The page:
From the makers of Pedigree Dogs Exposed, the latest news and views regarding inherited disorders and conformation issues in purebred dogs.
Thursday, 18 November 2010
Losing sight of what's normal
There is not much love lost between Kennel Club vet Steve Dean and me. It mostly stems from the fact that, after Pedigree Dogs Exposed, he went round telling people that we had withheld medication from Zak, the epileptic boxer in the film, in order to get the poor dog to fit on cue for the cameras.
(For the record, we weren't even there... We provided a camera, but Zak's seizures were filmed by his owners.)
When I heard that Dean, who is Chief Executive of the Veterinary Medicines Directorate, was spreading this nasty little rumour, I sent him a cross email and got a rather sarcastic reply and no apology. Suffice to say, we're not on each other's Christmas card list.
I have other beefs with Dean, who breeds and shows border terriers. In one column for Dog World he opined: "Almost without exception breeders who register their dogs seek to breed healthy dogs, however, rarely habitualisation has occasionally driven some norms away from health (less than 10 breeds).”
Less than 10 breeds? Clearly a graduate of the KC School of Statistics.
Anyway, this blog is actually to congratulate Dean for two recent columns for Dog World, both of which tackled the fact that problems sometimes become so entrenched that they become normalised. Two weeks ago, he wrote about eyes, stating:
"Where a defect is not recognised as a health issue they can become accepted norms for a breed or, even worse, are not recognised for causing a problem... Examples of defects that have become accepted can readily be seen by observing eyes in a number of breeds. Most dog folk will have heard of entropion and ectropion but how many take any note of them in the show ring and if they do, how many appreciate the misery they offer for the afflicted dog?
"Taking the more readily observable example first, ectropion is seen in breeds where the lower eyelid droops away from the eyeball. To point the finger at no dog currently alive, take a look at the Landseer painting in the KC Gallery, the dog has ectropion and the artist has faithfully reproduced it. So this is not a new issue. Some may say it adds expression to a face, others may say their breed has always been like this, but neither comment justifies its existence.
"Clinically the failure of the lower lid to adequately sweep across the eyeball during blinking will result in chronic inflammation of the eye membranes and therefore a lifetime of discomfort. It is even worse with entropion where the lid turns inwards so that eyelashes and hair rub up and down the eyeball surface with each blink."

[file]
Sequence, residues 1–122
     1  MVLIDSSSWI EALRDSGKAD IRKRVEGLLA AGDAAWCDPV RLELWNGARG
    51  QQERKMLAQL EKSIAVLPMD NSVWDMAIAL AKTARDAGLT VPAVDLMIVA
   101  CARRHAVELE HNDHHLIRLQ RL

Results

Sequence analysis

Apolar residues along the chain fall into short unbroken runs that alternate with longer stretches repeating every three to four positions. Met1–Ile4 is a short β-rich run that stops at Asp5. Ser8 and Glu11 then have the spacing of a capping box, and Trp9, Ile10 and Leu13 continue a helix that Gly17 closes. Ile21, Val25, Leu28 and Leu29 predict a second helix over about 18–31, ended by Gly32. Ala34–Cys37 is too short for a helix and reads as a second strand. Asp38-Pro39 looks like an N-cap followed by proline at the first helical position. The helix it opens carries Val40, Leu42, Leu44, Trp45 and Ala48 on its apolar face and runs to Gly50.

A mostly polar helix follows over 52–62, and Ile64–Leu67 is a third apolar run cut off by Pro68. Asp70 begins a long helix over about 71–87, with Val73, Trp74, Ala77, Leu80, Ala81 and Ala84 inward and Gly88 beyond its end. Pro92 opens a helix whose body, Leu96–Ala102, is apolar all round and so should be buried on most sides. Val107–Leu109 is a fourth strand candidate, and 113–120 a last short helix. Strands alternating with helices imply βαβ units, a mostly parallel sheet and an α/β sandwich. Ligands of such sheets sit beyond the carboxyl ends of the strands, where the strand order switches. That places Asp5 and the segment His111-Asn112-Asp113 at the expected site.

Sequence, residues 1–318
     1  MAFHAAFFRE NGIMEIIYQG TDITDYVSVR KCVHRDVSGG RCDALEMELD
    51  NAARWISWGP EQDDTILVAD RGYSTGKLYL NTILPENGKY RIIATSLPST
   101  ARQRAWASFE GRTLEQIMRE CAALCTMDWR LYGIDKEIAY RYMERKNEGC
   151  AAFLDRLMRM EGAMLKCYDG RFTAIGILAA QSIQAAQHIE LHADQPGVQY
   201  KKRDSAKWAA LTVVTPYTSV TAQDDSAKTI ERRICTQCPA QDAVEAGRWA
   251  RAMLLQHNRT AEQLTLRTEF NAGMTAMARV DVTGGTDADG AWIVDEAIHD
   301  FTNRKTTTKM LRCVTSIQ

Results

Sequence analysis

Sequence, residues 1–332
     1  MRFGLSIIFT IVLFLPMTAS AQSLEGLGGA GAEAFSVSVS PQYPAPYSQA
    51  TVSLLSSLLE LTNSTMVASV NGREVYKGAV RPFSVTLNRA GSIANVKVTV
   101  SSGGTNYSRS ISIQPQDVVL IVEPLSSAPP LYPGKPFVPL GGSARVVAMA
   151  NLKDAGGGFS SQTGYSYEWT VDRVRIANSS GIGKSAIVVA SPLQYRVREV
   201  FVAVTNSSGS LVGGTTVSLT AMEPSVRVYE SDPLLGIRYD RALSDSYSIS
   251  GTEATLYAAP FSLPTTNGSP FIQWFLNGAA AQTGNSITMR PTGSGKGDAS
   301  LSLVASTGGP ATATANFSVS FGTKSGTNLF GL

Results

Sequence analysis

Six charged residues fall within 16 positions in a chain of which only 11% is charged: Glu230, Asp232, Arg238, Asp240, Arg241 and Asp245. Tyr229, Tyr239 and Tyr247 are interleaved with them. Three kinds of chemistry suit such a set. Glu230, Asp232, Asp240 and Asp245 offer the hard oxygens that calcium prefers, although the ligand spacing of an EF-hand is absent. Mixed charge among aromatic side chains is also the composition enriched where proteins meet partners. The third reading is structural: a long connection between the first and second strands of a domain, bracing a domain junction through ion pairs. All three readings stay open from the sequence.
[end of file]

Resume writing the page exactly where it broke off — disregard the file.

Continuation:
This week Dean writes about lameness:
"...in [some] breeds a degree of lameness appears to have been accepted. Judges should exclude lame dogs from the ring yet in these breeds this is not happening and this is not in the interests of a breed’s future... Breeders need to be more critical about the dogs they breed from seeking to breed away from afflicted dogs. Yet in some breeds it is almost ignored because so many of the breed show lameness – this cannot be right."
It never ceases to amaze me that some show-breeders just don't see this. It's perfectly bloody obvious to everyone else.
Subscribe to: Post Comments (Atom)
I wish the Kennel Club would just not register any dog that has baggy eyes, over-long ears, too large a head, or any other obvious defect. I wish they would require certain breeds to do outcrosses, because that would dilute these exaggerations at one go.ReplyDelete
These breeders, however, may find the demand for these afflicted dogs is starting to wane.
I can't help noticing on my daily walks on Wimbledon Common that there are fewer and fewer mutant-type dogs around and many more unexaggerated types starting to appear.
Apart from labradors, the most popular dogs seem to be crosses of some kind, including all the "doodles", or working cockers.
The show type of cocker, with its absurdly long ears and domed skull, is completely outnumbered by the working cockers, which would have been unheard of not that long ago.
You can see why people want these dogs - they seem to have good temperaments and they can run around and enjoy themselves.
I'm the owner of a Sussex. Sadly she does have rather baggy eyes but she loves running around too.
See Jemima, you are doing good, and some people are learning. It may take awhile to undo the mis-truths told about dog breeding.ReplyDelete
Could I ask the people who write here and are knowledgeable about the British dogworld what Mr. Dean is referring to when he writes that "a degree of lameness". What kind of lameness and which breeds?ReplyDelete